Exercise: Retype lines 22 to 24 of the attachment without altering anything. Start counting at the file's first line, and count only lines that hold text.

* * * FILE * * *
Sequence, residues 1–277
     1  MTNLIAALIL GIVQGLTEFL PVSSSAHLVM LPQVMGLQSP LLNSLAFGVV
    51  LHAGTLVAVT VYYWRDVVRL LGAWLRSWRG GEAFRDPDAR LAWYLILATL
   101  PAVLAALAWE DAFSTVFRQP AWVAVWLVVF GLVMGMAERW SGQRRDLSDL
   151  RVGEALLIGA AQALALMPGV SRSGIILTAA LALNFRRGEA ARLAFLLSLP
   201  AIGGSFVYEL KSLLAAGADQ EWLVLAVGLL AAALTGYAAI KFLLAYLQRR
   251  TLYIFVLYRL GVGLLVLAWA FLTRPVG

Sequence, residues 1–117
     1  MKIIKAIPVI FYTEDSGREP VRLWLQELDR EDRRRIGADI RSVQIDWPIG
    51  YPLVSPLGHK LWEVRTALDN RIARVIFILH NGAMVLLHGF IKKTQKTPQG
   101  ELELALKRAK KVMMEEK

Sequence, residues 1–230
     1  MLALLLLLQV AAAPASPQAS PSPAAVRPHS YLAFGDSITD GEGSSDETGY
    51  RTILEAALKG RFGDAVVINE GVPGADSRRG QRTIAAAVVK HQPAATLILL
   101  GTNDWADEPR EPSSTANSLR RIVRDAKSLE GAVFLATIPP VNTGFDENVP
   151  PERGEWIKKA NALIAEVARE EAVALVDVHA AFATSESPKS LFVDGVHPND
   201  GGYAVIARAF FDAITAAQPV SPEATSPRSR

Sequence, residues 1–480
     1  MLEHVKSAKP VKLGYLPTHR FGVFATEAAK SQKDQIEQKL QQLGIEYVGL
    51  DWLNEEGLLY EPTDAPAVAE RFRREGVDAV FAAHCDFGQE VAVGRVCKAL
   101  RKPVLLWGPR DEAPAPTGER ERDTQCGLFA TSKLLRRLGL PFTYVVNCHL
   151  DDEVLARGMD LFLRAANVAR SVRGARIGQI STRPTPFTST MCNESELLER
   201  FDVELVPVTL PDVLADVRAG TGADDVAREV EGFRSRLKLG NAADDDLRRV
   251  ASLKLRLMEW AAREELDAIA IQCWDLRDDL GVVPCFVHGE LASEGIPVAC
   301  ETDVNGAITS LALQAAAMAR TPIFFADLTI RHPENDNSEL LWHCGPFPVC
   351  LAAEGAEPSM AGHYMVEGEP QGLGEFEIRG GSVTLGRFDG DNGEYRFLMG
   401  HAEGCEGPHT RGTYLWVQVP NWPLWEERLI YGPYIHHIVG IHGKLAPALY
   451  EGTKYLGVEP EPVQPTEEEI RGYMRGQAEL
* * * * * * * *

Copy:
   151  DDEVLARGMD LFLRAANVAR SVRGARIGQI STRPTPFTST MCNESELLER
   201  FDVELVPVTL PDVLADVRAG TGADDVAREV EGFRSRLKLG NAADDDLRRV
   251  ASLKLRLMEW AAREELDAIA IQCWDLRDDL GVVPCFVHGE LASEGIPVAC